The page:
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Feds won't try to stop Washington's new recreational marijuana law
The federal government won't try to stop Washington from implementing the state's voter-approved recreational marijuana law despite the drug being illegal under federal law.
U.S. Attorney General Eric Holder issued a statement Thursday that the Department of Justice updated its federal marijuana enforcement policy in light of recent state ballot initiatives in Washington and Colorado that legalize, under state law, the possession of small amounts of marijuana and provide for the regulation of marijuana production, processing and sale.
Here is a part of the statement:
"For states such as Colorado and Washington that have enacted laws to authorize the production, distribution and possession of marijuana, the Department expects these states to establish strict regulatory schemes that protect the eight federal interests identified in the Department’s guidance.
"These schemes must be tough in practice, not just on paper, and include strong, state-based enforcement efforts, backed by adequate funding. Based on assurances that those states will impose an appropriately strict regulatory system, the Department has informed the governors of both states that it is deferring its right to challenge their legalization laws at this time. But if any of the stated harms do materialize—either despite a strict regulatory scheme or because of the lack of one—federal prosecutors will act aggressively to bring individual prosecutions focused on federal enforcement priorities and the Department may challenge the regulatory scheme themselves in these states."
The announcement received positive response from Gov. Jay Inslee and State Attorney General Bob Ferguson. They issued the following joint statement:
“Today (Thursday) we received confirmation Washington’s voter-approved marijuana law will be implemented. We received good news this morning when Attorney General Eric Holder told the governor the federal government would not preempt Washington and Colorado as the states implement a highly regulated legalized market for marijuana.
"Attorney General Holder made it clear the federal government will continue to enforce the federal Controlled Substance Act by focusing its enforcement on eight specific concerns, including the prevention of distribution to minors and the importance of keeping Washington-grown marijuana within our state’s borders. We share those concerns and are confident our state initiative will be implemented as planned."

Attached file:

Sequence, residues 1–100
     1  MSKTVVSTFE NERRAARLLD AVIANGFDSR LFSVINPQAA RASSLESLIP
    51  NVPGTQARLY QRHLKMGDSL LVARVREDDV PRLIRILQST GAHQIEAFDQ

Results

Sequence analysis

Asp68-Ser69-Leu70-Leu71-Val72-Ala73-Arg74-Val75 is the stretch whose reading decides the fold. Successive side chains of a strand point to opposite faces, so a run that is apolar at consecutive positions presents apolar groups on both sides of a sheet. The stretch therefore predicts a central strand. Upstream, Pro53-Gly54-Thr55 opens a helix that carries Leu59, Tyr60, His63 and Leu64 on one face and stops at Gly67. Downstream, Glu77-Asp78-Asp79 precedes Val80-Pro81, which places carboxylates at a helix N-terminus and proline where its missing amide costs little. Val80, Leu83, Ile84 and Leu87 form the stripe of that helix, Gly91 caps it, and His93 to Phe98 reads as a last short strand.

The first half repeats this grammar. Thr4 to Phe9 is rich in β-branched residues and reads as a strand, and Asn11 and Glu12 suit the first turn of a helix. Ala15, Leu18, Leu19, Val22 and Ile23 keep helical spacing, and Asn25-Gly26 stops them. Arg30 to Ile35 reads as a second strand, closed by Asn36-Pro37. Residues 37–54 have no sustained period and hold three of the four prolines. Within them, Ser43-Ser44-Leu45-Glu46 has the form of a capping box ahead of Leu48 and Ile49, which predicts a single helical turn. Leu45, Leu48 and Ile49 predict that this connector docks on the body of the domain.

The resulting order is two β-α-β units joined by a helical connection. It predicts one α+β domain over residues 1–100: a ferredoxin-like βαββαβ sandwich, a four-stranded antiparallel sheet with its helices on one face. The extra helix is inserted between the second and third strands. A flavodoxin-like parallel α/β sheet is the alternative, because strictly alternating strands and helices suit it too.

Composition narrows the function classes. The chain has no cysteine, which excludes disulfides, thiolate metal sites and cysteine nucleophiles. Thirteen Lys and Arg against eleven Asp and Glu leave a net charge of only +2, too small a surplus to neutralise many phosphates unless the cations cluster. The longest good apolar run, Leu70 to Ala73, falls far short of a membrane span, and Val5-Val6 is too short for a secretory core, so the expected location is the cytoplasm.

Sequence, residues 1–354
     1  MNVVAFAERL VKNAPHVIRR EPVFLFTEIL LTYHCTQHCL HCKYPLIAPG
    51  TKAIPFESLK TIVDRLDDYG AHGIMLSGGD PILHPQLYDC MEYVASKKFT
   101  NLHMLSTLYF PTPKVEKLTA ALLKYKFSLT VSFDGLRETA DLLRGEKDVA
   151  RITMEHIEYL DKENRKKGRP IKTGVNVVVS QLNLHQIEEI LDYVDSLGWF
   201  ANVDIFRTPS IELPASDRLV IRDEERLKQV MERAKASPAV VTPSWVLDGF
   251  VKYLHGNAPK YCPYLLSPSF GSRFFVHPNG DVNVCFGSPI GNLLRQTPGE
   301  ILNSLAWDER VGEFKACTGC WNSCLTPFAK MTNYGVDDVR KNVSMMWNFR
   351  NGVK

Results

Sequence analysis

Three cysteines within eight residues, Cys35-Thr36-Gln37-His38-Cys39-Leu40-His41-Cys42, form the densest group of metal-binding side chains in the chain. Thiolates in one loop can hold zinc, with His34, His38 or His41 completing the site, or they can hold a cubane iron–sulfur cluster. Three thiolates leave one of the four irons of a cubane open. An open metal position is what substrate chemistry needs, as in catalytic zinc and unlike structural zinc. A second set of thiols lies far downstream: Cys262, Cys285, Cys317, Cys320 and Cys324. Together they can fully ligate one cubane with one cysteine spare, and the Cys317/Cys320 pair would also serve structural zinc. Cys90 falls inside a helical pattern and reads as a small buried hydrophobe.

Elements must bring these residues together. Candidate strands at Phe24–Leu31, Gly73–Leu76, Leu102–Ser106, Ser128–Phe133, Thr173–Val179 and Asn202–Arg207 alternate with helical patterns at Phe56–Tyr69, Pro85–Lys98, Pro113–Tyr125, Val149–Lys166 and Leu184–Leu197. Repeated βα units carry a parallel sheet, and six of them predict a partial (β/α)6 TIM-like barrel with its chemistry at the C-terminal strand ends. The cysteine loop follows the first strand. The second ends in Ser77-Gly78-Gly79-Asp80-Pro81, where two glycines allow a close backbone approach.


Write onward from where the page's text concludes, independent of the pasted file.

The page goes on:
The eight enforcement priorities of the federal government include preventing:
• the distribution of marijuana to minors
• revenue from the sale of marijuana from going to criminal enterprises, gangs and cartels
• the diversion of marijuana from states where it is legal under state law in some form to other states
• state-authorized marijuana activity from being used as a cover or pretext for the trafficking of other illegal drugs or other illegal activity
• violence and the use of firearms in the cultivation and distribution of marijuana
• drugged driving and the exacerbation of other adverse public health consequences associated with marijuana use
• the growing of marijuana on public lands and the attendant public safety and environmental dangers posed by marijuana production on public lands
• marijuana possession or use on federal property
State Liquor Board officials said the federal statement gives them the go-ahead to implement I-502 passed by voters in November.
"With the federal government’s approval the Board will continue to move forward and implement I-502 and the carry out the will of Washington State voters," a liquor board statement said.
King County Executive Dow Constantine issued the following statement:
“I am proud of Washington State for leading the way on national policy. We will regulate the production and sale of adult use marijuana in a way that reduces harm, protects youth, and profits legitimate, law-abiding, tax-paying businesses rather than criminals. Prohibition has clearly failed and, thanks to this decision by the federal government, we can now develop policies that respect the will of the people and work better for our communities.”